STEPS WHEN REVIEWING A PASSIVE REAL ESTATE INVESTMENT OPPORTUNITY

Real estate investors need to be aware of the risks of investing in private real estate deals. I’ve create a real estate crowdfunding investor checklist and compiled a list of 10 questions to ask sponsors prior to investing in a deal.

In this post Jeremy Roll, who’s been a full-time passive income investor for the past 13 years and invested into more than 50 separate opportunities, shares his top 10 steps when reviewing a passive real estate investment opportunity.

Enter Jeremy:

Disclaimer: Jeremy is not a Financial Advisor. Everything he is sharing below is from his perspective as a passive investor with over 13 years of experience.

Passive investments can be a great way to diversify your investment portfolio and those that provide cash flow, in particular, can truly be life-changing. For example, I was able to leave the corporate world in 2007 thanks to cash flow from passive opportunities after I moved all of my savings from unpredictable stocks and bonds into more predictable low-risk passive cash flow opportunities. But, while passive investments can be great, some are definitely more attractive than others and some are outright bad opportunities that present high risks for investors. From aggressive projections to less-than-conservative assumptions, there are many opportunities out there that investors should avoid, which is why it’s absolutely critical that any passive investor be able to properly evaluate the merits and risks associated with an opportunity so that they can make a well-informed investment decision. And if you’re a relatively new investor reading this then I would strongly caution you not to participate in any passive opportunity until you’re 100% confident you can evaluate all of the merits and risks associated with it.

With that in mind, here are the Top 10 steps (in my experience) when reviewing a passive real estate opportunity / syndication:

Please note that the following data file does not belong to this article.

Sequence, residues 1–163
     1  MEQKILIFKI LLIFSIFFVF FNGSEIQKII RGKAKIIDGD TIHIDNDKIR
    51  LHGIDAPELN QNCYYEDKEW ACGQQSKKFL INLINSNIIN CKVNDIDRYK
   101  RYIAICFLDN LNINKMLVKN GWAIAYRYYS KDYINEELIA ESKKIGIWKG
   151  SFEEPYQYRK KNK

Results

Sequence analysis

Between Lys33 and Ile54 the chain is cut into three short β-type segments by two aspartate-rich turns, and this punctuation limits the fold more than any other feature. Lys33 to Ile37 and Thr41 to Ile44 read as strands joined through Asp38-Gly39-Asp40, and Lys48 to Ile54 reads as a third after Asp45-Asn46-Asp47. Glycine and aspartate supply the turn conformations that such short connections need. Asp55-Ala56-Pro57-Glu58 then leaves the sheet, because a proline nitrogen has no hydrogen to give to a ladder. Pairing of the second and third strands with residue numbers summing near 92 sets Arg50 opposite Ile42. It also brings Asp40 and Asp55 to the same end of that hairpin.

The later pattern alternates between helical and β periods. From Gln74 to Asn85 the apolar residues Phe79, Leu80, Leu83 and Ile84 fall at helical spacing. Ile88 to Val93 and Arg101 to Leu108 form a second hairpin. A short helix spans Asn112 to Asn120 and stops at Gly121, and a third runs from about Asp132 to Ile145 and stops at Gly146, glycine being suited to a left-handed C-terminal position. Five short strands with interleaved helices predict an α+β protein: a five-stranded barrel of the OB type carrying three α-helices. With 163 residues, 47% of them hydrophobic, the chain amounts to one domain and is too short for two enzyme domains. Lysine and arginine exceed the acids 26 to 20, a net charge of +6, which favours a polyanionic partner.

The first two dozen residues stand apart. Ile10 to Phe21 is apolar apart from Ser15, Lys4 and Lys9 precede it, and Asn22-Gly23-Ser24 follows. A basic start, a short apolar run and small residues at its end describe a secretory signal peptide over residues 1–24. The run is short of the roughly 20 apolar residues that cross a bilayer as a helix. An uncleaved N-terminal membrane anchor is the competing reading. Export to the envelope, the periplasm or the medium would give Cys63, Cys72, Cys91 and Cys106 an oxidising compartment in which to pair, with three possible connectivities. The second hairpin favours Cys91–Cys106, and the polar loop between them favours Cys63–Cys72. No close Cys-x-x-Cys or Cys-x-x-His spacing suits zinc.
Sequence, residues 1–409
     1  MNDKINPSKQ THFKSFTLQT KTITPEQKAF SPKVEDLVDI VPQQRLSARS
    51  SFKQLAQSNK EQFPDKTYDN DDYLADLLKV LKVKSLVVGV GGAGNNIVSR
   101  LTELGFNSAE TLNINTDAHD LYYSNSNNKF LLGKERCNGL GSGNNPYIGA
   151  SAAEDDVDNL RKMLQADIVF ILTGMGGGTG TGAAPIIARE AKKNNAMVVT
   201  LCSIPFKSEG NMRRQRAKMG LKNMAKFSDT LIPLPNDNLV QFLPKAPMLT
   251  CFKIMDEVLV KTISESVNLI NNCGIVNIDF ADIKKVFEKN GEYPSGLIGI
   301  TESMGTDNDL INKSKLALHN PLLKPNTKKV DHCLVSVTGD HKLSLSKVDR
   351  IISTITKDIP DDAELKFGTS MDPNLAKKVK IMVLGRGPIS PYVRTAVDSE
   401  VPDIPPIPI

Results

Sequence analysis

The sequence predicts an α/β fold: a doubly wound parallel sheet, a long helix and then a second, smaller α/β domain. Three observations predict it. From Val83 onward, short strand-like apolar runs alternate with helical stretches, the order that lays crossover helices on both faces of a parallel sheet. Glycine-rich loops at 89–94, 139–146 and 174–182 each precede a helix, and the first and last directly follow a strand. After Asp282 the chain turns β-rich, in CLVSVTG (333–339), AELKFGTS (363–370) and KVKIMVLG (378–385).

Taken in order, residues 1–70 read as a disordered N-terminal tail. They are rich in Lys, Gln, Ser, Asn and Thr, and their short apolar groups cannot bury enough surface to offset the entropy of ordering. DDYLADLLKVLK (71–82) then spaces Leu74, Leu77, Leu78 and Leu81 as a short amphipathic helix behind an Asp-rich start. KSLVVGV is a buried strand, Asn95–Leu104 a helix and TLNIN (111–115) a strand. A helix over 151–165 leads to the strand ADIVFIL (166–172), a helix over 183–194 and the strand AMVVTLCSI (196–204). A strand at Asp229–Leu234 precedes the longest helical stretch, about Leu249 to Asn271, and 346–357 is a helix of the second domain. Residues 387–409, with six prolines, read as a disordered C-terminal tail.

1. Determine whether the type of opportunity you’re reviewing (development, value-add, stabilized) is the right fit for you. The first thing to consider when reviewing a passive opportunity is whether it’s the right profile for you. For example, while I strongly prefer lower-risk stabilized opportunities, you might prefer a high-risk but higher-return opportunity like a development opportunity. If the opportunity isn’t the right profile for you then you will probably want to move on to the next one.

2. Assess the experience level of the Manager(s). If the opportunity is the right profile for you then the next step is to evaluate the experience level of the Manager(s) to ensure that they are experienced enough for you. While there are clearly many exceptions to this rule (ie. someone you know well and trust, a particularly attractive opportunity, etc), generally more experienced Managers have a higher probability of success than beginners so this is something important to consider. Bonus tip: While there are many exceptions to this rule, the wealthier the Managers the more likely it is that they will be able to help (financially) if something doesn’t go as planned, which essentially means that wealthier Managers have a higher probability of success if more capital is needed than originally planned.